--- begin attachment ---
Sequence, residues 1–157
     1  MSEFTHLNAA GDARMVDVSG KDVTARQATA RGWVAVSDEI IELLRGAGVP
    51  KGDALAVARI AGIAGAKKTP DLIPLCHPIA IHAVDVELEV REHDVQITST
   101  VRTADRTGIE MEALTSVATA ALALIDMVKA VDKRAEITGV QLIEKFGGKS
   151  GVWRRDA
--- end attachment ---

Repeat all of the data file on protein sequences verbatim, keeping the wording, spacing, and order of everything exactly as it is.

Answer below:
Sequence, residues 1–157
     1  MSEFTHLNAA GDARMVDVSG KDVTARQATA RGWVAVSDEI IELLRGAGVP
    51  KGDALAVARI AGIAGAKKTP DLIPLCHPIA IHAVDVELEV REHDVQITST
   101  VRTADRTGIE MEALTSVATA ALALIDMVKA VDKRAEITGV QLIEKFGGKS
   151  GVWRRDA